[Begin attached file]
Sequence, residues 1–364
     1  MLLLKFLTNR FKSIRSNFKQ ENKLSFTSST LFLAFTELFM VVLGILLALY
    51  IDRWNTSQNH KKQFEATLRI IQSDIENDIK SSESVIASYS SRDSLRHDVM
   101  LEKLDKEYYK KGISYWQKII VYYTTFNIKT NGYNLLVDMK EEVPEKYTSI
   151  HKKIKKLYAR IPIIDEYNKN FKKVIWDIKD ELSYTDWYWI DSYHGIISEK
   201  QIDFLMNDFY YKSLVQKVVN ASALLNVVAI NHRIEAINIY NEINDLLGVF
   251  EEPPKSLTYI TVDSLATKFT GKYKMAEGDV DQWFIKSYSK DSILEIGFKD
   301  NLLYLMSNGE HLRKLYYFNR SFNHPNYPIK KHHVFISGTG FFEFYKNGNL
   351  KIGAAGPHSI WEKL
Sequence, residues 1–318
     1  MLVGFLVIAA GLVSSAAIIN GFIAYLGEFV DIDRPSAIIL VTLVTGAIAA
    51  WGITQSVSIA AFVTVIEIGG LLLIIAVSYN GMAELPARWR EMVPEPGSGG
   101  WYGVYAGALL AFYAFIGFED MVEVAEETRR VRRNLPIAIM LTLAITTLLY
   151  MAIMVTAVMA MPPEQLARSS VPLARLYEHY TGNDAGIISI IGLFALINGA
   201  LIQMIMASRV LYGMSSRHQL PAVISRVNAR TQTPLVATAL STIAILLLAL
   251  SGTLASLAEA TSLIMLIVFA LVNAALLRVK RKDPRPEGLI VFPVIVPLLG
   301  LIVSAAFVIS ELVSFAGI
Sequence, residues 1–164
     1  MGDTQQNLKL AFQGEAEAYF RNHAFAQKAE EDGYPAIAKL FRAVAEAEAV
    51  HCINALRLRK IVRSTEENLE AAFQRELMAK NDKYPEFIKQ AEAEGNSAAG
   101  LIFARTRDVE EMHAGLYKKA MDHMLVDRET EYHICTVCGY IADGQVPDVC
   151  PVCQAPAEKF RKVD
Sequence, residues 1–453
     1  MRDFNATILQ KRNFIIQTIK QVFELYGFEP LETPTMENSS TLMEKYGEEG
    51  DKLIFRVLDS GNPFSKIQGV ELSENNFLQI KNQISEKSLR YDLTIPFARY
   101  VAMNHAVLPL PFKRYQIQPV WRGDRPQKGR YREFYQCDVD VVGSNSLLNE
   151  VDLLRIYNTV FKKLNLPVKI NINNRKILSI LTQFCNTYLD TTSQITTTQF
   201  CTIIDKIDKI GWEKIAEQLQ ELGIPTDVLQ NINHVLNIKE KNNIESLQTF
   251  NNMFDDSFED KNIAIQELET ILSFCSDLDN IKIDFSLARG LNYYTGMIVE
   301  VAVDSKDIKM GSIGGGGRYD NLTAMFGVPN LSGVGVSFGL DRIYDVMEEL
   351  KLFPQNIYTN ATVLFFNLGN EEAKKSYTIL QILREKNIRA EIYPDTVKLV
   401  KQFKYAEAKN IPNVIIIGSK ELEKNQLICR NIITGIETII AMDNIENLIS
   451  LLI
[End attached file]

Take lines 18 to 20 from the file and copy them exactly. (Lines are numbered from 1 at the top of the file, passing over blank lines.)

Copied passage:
Sequence, residues 1–164
     1  MGDTQQNLKL AFQGEAEAYF RNHAFAQKAE EDGYPAIAKL FRAVAEAEAV
    51  HCINALRLRK IVRSTEENLE AAFQRELMAK NDKYPEFIKQ AEAEGNSAAG